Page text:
The big films we’re talking about, Oliver Stone’s Wall Street and Talk Radio, Ken Loach’s Raining Stones, Four Days in September, and West Beirut, which must have been very close to your heart. Yes, it was. But the cool thing about all of that was, 20 years before the mask, as a hired good, not even an artist, I’m a craftsman, or I was, I don’t do it anymore.

But as a flinty-eyed pro, you go where your boss tells you to go. And as an artist, you don’t have to do that. As an artist, you just do, you follow your own instinct.

And one of the blessings of that, that I really treasure, is that I got an involuntary education in orchestra. And since actually growing up, my father was trying to make me a jazz musician, but my mother was listening to Stravinsky, Debussy, Ravel, 20th century orchestral music, which really stuck. So when I’m doing film scores and I’m hiring orchestras, I just got more and more into using the orchestra and figuring out what it can do.

It’s not just putting the notes on the page, it’s the articulation, the expression. You gotta put the Italian on the page. I just became obsessed with the orchestra, which leaves me now, having written seven operas, three ballets, concerti for this, that, and the other, including concerto for police music.

The police deranged from orchestra. There’s a little black spot in the sun today It’s the same old thing as yesterday There’s a black hat caught in the high tree top There’s a black pole rag in the wind-warmer sun I have stood here before, it’s like a pouring rain With the world turning in circles, when did life happen? I guess I’m always hoping that you’ll end this rain That it’s my destiny to be the king of pain Funny, Stuart Copeland, you don’t appear as an obsessive character at all. Several years passed with Stuart throwing himself into a variety of projects, none of which involved playing the drums, until one day he picked up his sticks again and co-founded the band Oysterhead.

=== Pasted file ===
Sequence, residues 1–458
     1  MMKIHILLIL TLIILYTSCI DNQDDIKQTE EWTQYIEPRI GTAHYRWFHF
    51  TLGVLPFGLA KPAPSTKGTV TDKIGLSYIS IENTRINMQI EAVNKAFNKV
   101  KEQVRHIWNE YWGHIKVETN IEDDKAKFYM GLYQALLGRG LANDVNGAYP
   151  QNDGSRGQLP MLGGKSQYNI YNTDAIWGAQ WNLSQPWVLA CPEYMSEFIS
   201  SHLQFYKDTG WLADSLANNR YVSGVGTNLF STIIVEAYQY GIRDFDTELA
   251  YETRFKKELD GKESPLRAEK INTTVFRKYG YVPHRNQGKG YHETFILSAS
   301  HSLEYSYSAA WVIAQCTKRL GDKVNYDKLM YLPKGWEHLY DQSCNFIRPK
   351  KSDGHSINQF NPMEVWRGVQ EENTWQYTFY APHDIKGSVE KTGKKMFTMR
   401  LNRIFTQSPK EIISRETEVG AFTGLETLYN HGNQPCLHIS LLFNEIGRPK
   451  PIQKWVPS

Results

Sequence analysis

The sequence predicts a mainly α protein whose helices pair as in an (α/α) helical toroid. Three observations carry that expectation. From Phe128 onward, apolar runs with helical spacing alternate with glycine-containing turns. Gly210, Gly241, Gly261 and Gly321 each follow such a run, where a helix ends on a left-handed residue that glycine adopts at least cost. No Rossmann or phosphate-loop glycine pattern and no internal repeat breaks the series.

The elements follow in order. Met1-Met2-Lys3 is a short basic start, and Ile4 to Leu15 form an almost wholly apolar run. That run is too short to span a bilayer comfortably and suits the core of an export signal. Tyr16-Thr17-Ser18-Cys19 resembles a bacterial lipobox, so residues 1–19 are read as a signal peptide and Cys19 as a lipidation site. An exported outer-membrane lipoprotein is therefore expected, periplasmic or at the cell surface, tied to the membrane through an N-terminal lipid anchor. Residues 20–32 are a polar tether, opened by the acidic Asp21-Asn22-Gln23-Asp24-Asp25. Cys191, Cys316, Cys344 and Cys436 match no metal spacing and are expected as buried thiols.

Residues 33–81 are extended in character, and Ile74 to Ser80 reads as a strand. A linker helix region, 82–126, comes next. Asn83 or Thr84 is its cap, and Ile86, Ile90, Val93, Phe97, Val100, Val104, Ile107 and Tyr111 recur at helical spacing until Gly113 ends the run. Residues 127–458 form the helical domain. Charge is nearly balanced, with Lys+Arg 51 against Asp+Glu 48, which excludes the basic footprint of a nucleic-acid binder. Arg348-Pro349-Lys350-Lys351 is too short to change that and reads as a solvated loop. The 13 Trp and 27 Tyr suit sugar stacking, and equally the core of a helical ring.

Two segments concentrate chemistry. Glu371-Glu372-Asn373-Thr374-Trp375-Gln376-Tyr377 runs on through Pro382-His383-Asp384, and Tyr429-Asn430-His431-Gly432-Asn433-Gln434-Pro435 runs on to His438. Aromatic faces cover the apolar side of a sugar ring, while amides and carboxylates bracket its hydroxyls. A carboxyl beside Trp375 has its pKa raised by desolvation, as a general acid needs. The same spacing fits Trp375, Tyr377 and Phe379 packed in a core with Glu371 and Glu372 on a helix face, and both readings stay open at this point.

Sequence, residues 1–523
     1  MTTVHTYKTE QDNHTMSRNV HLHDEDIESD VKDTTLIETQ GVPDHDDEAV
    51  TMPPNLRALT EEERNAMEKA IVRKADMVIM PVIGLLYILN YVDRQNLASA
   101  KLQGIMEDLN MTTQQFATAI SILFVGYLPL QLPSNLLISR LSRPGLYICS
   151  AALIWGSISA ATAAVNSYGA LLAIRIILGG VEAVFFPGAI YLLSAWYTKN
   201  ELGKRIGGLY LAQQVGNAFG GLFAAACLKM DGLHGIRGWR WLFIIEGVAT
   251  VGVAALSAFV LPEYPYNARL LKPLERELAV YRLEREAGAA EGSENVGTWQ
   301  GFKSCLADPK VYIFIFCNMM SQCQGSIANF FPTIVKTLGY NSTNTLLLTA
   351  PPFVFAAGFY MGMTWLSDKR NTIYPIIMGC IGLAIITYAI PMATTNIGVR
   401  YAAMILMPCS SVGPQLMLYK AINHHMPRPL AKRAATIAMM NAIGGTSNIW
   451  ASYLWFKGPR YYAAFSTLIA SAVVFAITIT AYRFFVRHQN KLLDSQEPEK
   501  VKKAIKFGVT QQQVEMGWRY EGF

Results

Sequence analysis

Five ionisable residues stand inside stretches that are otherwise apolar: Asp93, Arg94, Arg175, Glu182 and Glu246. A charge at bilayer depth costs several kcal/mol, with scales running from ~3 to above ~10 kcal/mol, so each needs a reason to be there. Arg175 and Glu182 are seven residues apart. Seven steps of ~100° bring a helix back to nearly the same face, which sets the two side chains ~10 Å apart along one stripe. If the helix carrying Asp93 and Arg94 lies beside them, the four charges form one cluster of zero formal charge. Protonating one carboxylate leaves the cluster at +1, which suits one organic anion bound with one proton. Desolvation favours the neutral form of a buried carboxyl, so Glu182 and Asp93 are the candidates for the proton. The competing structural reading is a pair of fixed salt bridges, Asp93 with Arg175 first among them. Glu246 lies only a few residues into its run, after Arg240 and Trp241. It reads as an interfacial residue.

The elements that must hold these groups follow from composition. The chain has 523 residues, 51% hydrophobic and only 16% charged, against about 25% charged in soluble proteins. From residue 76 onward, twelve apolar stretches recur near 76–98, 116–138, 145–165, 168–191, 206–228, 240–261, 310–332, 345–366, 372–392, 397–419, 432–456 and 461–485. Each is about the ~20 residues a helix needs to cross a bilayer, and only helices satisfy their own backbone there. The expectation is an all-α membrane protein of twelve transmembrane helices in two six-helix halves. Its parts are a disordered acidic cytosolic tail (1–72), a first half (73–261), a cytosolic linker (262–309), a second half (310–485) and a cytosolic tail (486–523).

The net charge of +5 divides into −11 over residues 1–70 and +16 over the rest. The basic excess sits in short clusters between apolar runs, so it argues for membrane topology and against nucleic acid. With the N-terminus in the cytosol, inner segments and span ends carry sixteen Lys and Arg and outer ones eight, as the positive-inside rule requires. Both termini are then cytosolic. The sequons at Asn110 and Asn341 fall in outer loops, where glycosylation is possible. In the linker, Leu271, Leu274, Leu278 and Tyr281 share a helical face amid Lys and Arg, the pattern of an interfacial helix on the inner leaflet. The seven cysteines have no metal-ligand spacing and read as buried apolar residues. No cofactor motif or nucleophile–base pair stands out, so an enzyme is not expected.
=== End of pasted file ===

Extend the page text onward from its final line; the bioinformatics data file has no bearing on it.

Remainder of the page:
Was it like getting back on the horse? A little easier. Horses are actually quite strenuous. If you haven’t got your leg muscles going, that’s pretty bouncy.

But you hadn’t been playing for a while and most musicians have got to practice every day to keep up their chops. Well, the gag is that I finally figure out how to set the damn thing up. We start playing something and I do something on a hi-hat like that, really stiff, really not great at all.

It was sort of like I could do no wrong because it was the stuff of legend, whether it was crap or not. Drum on, jazz down around There’s a new sensation hitting town It’s moving slow, low to the ground He’s an inspiration, he’s an inspiration He’s an inspiration to us all He’s an inspiration, he’s an inspiration He’s an inspiration to us all Oysterhead, we made an album, did one tour and they both got day jobs and we played jam band festivals and so on. And we’ll go and play a two-hour set for which we have rehearsed for about half an hour.